The average retail price of the TRX200SX is between $1,485 and $1,635, depending on the model year and overall condition. On the other hand, auction listings value the four-wheeler within the price range of $225 to $2,400. Vehicles for bidding are typically serviced before being sold, are in superb working condition, and runs smoothly. On the downside, they would have noise in the engine – although this does not affect riding or engine performance. Units valued above $2,000 are in mint condition, with stock plastics intact and no crumbly parts.
Top Speed for a Honda TRX200SX
This quad could run up to 55 mph maximum stock, although not advertised. Doing a fresh top-end, changing gearing, sprockets, or getting larger tires will give you a 3-5 mph gain. However, give it careful thought before deciding to embark on this speed-demon project, as some parts may not be readily available through online traders and parts dealers.
Pros and Cons
In excellent working condition, the 1986 Honda TRX200SX runs and shifts like brand-new and requires only scheduled maintenance and very minimal repairs. Its steel frame is very sturdy and may not even necessitate a repaint job. However, it would require religious cleaning, given that the quad is more than three decades old. Honda no longer manufactures OEM parts for this wheeler, so you may need to get in touch with outfitters and enthusiasts or have insane mechanical skills to customize factory spin-offs unavailable from aftermarket dealers.
In poor condition, the entire body of the quad and its seat cover may be shabby or, at the very least, have tears and scratches. You may also notice rusting in the bushings, exhaust system, and engine parts, among others. Tires would have sub-par performance if kept stock, and front brakes could be missing in action. The vehicle may also have a missing piece or two, which would make the Honda TRX200SX a perfect candidate for a complete rebuild.
Issues with the Honda TRX200SX
The ’80s are known as the formative years of Honda and the ATV industry in general. The TRX200SX underwent alterations to its engine and electrical assembly right after its first production year, resulting in owners reporting problems with starting and idling functions. Here are some common challenges encountered with the TRX200SX:
First, check the key switch for a loose connection and make sure that it is allowing continuity. Verify that the pulse generator is the right distance from the camshaft, as it is very prone to not firing when too far away. Inspect the ignition switch part (a separate switch that operates the kill wire circuit inside the key switch) for a wire that runs from the neutral or lockout switch to the CDI and ensures it is in good order. This circuit part means to increase your ignition system’s sparking power and works together with the earth wire that carries all the power for turning the engine over on the starter.
Consequently, you may need to inspect the 1986 Honda TRX200SX parts, such as the spark plug, ignition module & coil, stator, and CDI box, and determine if they need replacement. This quad uses an AC CDI, which has wires from an exciter coil on the stator, one from the trigger coil, an earth, a kill wire to the ignition switch, and a wire to the ignition coil. Additionally, the key switch of an ’86 model is different from the’ 87-’88 ones and would fit two different CDI boxes. If tests performed on the ignition, switch, fuse, and power ultimately fail to pinpoint a specific cause or faulty component, start considering a defective actuator.
This video by Mid Nebraska Motorsports will help get you familiarized with the engine components of the TRX200X:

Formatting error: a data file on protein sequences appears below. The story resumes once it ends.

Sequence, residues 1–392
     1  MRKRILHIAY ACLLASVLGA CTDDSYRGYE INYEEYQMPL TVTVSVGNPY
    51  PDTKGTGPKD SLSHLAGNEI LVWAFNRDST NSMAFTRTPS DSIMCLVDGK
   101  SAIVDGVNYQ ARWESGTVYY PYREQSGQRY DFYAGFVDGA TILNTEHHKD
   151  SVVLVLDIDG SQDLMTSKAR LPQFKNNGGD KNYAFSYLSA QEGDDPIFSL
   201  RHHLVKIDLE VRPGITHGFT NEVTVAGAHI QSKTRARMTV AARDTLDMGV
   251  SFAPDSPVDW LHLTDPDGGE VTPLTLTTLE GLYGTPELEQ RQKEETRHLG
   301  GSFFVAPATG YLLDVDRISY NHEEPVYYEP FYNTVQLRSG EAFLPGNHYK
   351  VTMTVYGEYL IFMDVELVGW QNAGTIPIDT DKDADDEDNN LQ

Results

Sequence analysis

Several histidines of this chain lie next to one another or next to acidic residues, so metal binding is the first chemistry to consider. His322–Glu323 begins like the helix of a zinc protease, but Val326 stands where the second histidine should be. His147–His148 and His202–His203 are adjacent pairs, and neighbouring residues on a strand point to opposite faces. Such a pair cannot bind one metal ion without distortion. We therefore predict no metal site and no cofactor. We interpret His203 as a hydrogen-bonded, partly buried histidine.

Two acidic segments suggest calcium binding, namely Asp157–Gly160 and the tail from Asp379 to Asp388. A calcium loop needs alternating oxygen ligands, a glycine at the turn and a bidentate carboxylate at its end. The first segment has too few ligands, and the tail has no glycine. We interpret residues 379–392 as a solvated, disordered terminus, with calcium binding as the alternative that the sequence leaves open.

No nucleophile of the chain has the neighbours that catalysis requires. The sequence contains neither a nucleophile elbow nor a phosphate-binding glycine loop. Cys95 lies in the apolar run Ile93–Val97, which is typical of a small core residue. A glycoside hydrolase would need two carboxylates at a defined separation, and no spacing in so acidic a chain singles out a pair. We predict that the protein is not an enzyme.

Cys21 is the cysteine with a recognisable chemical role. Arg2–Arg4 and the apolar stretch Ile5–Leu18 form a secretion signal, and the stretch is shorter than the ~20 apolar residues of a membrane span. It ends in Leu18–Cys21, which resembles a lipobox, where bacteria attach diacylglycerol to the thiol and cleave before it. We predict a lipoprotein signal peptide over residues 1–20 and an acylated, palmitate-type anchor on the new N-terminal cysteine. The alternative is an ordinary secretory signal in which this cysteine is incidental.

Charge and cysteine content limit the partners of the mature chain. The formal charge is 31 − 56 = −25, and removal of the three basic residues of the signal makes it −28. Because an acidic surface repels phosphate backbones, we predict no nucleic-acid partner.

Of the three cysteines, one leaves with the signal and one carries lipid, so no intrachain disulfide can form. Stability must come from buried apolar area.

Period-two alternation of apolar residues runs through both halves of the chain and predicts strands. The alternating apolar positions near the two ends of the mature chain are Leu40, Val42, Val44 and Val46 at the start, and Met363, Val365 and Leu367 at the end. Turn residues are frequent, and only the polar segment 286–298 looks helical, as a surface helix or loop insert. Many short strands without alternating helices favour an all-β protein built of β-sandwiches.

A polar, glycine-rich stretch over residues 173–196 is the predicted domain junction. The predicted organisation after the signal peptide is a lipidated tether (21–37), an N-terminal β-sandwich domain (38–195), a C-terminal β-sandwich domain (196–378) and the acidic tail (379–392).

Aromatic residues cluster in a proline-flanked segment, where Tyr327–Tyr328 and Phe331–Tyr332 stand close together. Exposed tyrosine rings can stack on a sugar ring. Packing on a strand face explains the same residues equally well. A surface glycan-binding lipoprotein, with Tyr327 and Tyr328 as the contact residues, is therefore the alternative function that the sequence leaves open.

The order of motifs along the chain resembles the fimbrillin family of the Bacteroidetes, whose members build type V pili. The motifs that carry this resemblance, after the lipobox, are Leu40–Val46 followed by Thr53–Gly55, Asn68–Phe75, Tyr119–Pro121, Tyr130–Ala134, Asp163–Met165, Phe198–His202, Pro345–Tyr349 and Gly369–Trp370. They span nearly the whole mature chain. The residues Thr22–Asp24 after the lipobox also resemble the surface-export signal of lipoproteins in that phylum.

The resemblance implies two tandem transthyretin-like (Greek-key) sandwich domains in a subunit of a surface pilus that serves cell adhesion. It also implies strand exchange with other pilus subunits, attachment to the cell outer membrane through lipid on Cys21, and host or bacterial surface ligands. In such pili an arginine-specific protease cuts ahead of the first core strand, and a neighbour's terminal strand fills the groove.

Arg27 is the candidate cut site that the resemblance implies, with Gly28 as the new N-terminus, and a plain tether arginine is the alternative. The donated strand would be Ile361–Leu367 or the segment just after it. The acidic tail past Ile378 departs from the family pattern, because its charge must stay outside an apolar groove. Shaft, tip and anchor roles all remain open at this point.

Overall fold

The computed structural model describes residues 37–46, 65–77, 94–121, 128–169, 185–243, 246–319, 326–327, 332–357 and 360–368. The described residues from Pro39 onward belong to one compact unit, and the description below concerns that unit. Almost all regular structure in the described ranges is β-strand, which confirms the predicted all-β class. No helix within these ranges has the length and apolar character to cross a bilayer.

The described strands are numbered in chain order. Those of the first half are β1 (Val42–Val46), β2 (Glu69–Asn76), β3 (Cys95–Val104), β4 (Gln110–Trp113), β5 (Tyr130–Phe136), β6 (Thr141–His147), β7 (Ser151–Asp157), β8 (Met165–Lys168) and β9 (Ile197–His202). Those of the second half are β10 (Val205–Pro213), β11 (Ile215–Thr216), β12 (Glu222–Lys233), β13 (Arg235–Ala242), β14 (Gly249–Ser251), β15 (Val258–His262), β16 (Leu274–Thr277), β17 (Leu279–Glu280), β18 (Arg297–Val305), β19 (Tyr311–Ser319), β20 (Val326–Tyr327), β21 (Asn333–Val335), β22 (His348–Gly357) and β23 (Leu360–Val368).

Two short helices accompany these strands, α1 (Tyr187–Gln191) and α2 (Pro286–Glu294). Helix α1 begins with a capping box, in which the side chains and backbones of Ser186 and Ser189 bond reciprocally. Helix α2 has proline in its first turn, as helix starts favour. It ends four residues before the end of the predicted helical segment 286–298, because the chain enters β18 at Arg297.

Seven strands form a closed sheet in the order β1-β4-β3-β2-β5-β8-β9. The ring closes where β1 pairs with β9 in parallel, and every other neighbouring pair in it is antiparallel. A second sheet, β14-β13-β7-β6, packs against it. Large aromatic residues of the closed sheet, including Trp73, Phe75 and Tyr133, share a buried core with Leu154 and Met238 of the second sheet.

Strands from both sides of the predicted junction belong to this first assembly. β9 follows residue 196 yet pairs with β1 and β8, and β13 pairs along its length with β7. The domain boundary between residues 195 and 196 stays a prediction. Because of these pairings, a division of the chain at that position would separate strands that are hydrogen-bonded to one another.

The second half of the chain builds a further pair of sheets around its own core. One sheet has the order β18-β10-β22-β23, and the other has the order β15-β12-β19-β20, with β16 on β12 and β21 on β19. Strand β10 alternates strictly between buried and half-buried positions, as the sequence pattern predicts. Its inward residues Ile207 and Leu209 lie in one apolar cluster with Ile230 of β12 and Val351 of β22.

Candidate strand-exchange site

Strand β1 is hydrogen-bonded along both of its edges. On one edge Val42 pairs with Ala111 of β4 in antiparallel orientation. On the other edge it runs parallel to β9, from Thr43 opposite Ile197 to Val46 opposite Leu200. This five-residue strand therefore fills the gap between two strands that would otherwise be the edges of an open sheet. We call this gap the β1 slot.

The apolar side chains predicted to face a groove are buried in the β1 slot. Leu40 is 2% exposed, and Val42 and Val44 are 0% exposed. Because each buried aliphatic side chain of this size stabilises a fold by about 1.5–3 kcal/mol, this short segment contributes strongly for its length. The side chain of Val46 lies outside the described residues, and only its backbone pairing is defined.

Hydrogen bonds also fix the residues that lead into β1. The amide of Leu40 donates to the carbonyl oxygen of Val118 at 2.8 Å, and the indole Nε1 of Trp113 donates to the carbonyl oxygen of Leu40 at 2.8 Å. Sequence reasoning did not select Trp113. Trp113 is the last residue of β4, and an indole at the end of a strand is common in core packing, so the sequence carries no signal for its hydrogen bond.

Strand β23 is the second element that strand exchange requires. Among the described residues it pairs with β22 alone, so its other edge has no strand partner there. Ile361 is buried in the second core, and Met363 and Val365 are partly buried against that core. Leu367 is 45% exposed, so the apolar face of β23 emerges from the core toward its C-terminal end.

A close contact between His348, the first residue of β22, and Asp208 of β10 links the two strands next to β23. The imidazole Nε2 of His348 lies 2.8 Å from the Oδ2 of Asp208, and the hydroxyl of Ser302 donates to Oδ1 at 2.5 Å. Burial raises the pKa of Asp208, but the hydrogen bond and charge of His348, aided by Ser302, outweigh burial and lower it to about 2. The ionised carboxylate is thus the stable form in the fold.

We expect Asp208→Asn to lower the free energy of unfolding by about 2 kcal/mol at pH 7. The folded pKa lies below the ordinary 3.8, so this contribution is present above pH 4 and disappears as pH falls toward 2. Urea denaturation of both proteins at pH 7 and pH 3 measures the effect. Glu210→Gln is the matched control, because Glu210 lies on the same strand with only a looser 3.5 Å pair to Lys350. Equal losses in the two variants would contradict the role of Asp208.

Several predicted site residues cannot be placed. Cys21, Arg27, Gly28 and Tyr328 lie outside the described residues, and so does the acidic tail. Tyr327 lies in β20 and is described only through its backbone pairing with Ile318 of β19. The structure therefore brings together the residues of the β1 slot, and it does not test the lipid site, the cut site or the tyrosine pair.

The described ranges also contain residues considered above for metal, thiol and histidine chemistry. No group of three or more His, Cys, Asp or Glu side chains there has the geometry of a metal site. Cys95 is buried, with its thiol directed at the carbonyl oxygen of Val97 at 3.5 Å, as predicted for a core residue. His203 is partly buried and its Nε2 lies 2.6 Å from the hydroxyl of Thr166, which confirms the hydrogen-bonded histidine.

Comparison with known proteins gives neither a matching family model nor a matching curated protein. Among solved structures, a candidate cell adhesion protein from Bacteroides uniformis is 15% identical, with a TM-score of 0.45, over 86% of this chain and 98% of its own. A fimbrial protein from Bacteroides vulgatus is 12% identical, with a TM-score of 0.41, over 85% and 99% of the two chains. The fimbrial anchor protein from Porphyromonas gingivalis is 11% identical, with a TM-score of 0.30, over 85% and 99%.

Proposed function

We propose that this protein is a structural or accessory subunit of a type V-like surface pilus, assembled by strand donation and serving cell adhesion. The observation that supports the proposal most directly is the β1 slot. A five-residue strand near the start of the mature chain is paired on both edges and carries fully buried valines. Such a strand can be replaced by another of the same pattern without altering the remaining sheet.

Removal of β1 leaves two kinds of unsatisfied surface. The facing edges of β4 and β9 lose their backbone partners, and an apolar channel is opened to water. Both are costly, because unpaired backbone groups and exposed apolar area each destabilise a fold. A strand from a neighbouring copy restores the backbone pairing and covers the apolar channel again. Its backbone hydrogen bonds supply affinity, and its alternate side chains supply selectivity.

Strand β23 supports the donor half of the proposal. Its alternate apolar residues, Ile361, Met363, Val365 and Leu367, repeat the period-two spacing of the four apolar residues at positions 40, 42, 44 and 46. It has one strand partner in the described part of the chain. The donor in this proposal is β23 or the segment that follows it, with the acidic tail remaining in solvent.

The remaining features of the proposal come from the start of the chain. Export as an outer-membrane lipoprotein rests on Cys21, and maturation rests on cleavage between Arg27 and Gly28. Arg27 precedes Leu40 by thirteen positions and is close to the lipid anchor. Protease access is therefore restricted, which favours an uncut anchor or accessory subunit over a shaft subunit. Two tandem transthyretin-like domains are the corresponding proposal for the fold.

Hard Starting & Idling Issues
These issues may be caused by valves not having enough clearance or a faulty spark plug, which could be rectified by installing a new spark plug and check the valve clearance is according to spec. However, some instances may not be as straightforward. Run the engine for approximately an hour at the speed you want to take the reading to get a good plug reading.
Should you wish to inspect the fuel screw, you can locate it on the bottom parallel to the float bowl. If your carburetor has never been adjusted, this screw may be capped, making it a tad difficult to see. If your vehicle runs clean at partial throttle openings raised one notch, let the slide needle be. Direct your attention to the pilot jet and the choke instead, and perform the needed tests to see if they are causing your fuel mixture to run lean or rich.
Several things cause this noise, such as metal particles in the oil, a stretched timing chain, a broken throttle cable assembly, or a faulty exhaust. The latter is especially true for pre-loved TRX200SXs, which may have been the former owner’s unfinished project before they got sold. Alongside this problem, you may also notice that your wheeler keeps on dying out. To isolate its origin, run a compression test, and specify the noise if it is anything other than an exhaust leak.
Take the plug out and inspect if it is in good condition. Thoroughly clean your carburetor, replace your muffler, and upsize the main jet by one size. Finally, adjust the carb properly when deemed necessary. Make sure to have your vehicle schematics ready, or reach out to more experienced folks to help you with this task.
Founded in 1946, Honda Motor Company Ltd. traces back its roots to race cars, mass-produced piston rings, and automation of military aircraft propellers. These stages led the Japanese firm to become one of the most recognized and successful automotive manufacturers globally. From building and selling motorized bicycles with surplus engines, Honda has transitioned into creating its vehicles like the 1986 Honda TRX200SX. Today, the Japanese conglomerate continues to pioneer innovations in motorcycles, energy solutions, and electric automobiles.
Conclusion – 1986 Honda TRX200SX
Thanks to the 1986 Honda TRX200SX, we now enjoy a solid product line of sport-utility 4x4s of all sizes and displacements from Honda. This tiny but powerful wheeler spawned an entire segment that has evolved to match off-roaders’ skills, needs, and riding preferences. It may be modestly aesthetic on the outside, but on the inside is where the magic truly happens. The TRX200SX never compromises delivering weekend thrills and great yard work and is one quad that even time cannot beat. If it can live through a rider’s childhood, heck, it can survive anything!